The government policy fuelling a huge spike in mental health issues

2nd March 2020 / United Kingdom
The government policy fuelling a huge spike in mental health issues

About 2 million people are in receipt of universal credit, which bundles six working-age benefits into a single monthly payment. More than 6 million will be on the benefit by the time it is fully rolled out by the new completion date of September 2024.

The Government’s Universal Credit system is causing “psychological distress” and fuelling a rise in mental health issues amongst benefit claimants, according to a damning study published in the Lancet medical journal.

The Lancet is a weekly peer-reviewed general medical journal and is among the world’s oldest, most prestigious, and best known general medical journals.

Researchers from Liverpool University discovered a link between the controversial welfare reform and an increase in mental health problems reported by people in receipt of the flagship new benefit.

The study found a 6.6% increase in the prevalence of poor mental health among unemployed people on Universal Credit when compared to the social security benefits it is replacing, which includes tax credits and housing benefit. But there’s evidence of a worsening situation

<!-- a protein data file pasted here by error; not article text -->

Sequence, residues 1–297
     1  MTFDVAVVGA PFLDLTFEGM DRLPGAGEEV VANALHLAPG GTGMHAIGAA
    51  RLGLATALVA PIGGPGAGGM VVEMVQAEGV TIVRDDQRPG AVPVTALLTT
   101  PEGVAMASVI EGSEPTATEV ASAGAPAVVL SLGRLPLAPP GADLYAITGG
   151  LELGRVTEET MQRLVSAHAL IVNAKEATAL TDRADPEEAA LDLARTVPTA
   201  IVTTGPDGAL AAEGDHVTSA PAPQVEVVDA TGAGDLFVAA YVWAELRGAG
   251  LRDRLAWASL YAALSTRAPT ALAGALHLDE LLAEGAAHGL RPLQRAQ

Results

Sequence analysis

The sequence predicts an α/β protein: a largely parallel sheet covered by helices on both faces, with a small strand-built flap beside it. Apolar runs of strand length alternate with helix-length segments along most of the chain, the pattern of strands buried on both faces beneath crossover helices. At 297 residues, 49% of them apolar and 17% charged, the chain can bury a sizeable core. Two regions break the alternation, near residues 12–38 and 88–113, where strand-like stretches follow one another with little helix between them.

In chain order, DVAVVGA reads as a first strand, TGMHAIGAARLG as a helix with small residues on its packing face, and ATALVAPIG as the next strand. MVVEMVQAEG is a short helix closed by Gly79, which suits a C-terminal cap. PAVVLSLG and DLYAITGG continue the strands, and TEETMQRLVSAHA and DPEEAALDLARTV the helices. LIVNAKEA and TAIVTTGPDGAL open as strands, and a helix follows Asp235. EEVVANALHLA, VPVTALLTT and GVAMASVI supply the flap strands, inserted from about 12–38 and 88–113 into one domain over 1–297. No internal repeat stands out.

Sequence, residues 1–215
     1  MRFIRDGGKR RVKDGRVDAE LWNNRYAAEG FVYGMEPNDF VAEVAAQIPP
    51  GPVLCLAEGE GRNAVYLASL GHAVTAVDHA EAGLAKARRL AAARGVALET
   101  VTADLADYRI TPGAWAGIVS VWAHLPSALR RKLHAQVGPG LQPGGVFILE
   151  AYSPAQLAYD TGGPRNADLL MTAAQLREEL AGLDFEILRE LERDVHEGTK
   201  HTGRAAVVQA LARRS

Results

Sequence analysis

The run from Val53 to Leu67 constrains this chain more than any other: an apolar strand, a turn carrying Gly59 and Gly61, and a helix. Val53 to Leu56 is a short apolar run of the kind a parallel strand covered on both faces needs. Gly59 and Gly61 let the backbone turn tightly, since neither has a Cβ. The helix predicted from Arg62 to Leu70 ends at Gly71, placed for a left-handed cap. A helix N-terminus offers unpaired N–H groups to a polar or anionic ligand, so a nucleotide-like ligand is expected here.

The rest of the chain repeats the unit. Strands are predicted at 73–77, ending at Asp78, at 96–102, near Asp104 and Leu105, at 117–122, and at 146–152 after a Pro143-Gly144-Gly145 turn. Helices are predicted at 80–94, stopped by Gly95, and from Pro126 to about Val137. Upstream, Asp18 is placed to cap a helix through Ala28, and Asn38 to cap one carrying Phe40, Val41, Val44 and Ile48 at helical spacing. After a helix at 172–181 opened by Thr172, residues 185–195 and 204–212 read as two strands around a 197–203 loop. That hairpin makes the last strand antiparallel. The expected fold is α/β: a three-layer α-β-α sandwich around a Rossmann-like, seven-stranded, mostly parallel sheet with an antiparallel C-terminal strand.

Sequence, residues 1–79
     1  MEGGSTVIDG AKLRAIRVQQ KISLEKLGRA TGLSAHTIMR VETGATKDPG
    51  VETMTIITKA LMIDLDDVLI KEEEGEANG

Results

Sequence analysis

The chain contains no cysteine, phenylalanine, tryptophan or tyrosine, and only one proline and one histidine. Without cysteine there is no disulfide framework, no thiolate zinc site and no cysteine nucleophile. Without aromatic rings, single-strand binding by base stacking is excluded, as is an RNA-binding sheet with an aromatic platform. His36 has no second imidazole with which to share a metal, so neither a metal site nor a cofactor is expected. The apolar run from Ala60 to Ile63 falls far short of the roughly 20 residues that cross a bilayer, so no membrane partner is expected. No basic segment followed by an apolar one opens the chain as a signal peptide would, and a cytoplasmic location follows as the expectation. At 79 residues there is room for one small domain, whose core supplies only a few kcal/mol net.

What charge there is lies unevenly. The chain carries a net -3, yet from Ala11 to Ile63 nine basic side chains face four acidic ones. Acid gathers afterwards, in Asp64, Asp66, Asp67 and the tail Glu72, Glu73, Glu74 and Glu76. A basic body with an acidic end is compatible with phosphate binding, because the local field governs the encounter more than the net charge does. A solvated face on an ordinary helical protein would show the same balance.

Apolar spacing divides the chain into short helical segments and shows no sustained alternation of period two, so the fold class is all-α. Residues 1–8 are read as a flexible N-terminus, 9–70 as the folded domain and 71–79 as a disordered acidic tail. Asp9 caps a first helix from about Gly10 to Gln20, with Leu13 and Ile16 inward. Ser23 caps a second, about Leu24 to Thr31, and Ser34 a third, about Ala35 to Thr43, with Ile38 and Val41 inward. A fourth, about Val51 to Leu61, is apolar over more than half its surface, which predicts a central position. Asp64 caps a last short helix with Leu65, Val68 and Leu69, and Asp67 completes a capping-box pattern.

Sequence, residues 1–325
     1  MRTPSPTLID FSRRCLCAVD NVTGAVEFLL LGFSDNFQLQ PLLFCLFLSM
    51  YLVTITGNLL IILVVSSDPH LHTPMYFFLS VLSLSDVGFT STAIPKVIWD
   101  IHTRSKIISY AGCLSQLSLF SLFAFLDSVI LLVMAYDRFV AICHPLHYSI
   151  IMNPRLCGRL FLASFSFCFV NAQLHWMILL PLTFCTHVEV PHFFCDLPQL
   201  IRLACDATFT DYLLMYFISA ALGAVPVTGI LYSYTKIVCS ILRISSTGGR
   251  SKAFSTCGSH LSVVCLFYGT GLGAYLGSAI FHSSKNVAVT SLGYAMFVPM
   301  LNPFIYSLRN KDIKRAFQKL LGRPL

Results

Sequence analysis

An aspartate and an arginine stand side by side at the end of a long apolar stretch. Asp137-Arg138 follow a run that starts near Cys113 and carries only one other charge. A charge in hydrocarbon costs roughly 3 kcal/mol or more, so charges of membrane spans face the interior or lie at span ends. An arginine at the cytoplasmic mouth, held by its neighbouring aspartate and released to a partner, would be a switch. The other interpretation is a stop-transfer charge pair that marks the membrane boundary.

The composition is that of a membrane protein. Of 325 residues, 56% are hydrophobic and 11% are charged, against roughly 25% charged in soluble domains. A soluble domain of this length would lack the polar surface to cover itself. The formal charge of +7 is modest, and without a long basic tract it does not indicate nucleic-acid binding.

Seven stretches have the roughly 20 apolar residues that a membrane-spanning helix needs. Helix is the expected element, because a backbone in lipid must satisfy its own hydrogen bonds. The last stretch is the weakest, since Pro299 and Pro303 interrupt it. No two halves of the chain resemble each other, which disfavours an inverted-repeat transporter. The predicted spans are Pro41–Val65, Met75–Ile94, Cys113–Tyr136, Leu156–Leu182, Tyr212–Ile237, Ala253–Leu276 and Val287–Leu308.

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In total, an estimated 63,674 unemployed Universal Credit claimants, showed signs of worsening mental health – a third of whom (21,760) were suffering from medical depression.

The study warned that this number is likely to continue rising as a further four million are moved to the new system before the UK-wide roll-out is finally completed.

Lead researcher Dr Sophie Wickham joined calls for urgent reforms to Universal Credit ahead of the next phase in its nationwide roll-out.

“Our study supports growing calls for Universal Credit to be fundamentally modified to reduce these mental health harms,” said Dr Sophie Wickham.

Taking these numbers literally means that approximately 400,000 additional people will, as a result of being moved onto Universal Credit, suffer from mental health issues in future.

The report concludes – “Our findings suggest that the introduction of Universal Credit led to an increase in psychological distress, a measure of mental health difficulties, among those affected by the policy. Future changes to government welfare systems should be evaluated not only on a fiscal basis but on their potential to affect health and wellbeing.”

There was no estimate put to the cost of treating people with mental health conditions in the NHS or social services.

The study was funded by the Wellcome Trust, UK National Institute for Health Research, and the Medical Research Council.

 

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